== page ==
Respite for savers as hundreds of accounts now beat inflation
The Consumer Prices Index (CPI) measure of inflation fell from 1% in July to 0.2% in August – the lowest rate for five years, according to the Office for National Statistics.
As inflation has an eroding effect on cash, reducing holders’ spending power, the lower level is good news for savers.
In fact, data from Moneyfacts reveals that the number of deals able to outpace inflation has risen from 91 at last month’s announcement (1%), to more than 680 standard savings accounts today that can either beat or match the figure (based on a £10,000 deposit).
This is three times as many than found in September 2019 when August’s inflation stood at 1.7% and a huge increase from just two fixed rate bonds which could outpace August 2018 inflation of 2.7%.
‘Speed is crucial’
Rachel Springall, finance expert at Moneyfacts, said there are many accounts that can beat inflation today, but with the figure expected to climb to 1.8% in Q3 2021, not one standard savings account can beat this rate.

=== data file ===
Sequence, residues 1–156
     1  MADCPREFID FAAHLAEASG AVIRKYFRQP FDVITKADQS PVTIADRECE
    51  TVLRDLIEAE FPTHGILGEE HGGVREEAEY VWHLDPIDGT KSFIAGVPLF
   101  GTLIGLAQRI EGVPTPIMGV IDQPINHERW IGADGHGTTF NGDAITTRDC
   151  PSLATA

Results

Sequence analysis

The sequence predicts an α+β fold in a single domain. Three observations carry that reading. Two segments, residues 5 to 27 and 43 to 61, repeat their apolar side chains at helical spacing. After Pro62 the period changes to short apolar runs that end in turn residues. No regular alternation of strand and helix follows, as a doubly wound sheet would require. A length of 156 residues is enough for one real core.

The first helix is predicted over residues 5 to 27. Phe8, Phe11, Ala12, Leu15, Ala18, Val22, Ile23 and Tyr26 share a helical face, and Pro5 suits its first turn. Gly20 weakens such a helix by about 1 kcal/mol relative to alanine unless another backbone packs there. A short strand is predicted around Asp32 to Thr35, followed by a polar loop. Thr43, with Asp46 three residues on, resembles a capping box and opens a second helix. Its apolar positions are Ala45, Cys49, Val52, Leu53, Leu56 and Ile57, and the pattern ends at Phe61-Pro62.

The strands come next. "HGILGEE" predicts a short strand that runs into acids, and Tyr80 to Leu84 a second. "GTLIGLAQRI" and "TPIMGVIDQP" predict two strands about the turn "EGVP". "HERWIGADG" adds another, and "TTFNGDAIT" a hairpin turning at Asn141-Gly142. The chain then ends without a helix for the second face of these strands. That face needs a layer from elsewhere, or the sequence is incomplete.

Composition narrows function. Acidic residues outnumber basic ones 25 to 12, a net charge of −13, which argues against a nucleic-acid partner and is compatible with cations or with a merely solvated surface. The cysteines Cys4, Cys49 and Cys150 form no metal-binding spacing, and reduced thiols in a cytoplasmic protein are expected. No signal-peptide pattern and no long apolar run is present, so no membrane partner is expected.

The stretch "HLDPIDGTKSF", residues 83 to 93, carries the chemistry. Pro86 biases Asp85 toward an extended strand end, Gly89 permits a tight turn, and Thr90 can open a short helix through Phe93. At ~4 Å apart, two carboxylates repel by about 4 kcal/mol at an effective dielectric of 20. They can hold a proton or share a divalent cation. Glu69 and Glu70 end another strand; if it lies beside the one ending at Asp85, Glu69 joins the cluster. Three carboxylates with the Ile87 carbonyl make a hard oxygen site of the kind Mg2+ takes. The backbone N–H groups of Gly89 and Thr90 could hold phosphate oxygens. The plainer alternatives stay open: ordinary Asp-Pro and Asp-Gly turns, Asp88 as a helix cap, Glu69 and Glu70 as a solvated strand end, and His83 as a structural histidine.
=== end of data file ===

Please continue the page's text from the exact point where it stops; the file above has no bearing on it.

Springall said: “Over the past month there has been some competition within the savings market, primarily on short-term fixed bonds, ideal for savers who are comfortable to lock their cash away over a year or so for a guaranteed return.
“However, there has been less activity in the easy access accounts market except for a notable rate rise by Skipton Building Society which now leads the market at 1.20%. It is these types of accounts that savers may be turning to right now to ensure they can access their money quickly.
“There remains to be a notable difference between the top fixed rate bonds and fixed ISA rates so savers will need to consider their options while taking into consideration the Personal Savings Allowance. Savers who are now coming off a fixed rate deal will also need to prepare themselves for a fall in interest when choosing a similar product today.”
She added that “speed is crucial” when it comes to applying for the top savings rates in the market as if you wait too long, the deal could be cut or pulled from the market entirely.
“It is safe to say that savers will be in a race against one another to secure the best returns in the months to come as the savings market remains very fluid,” she said.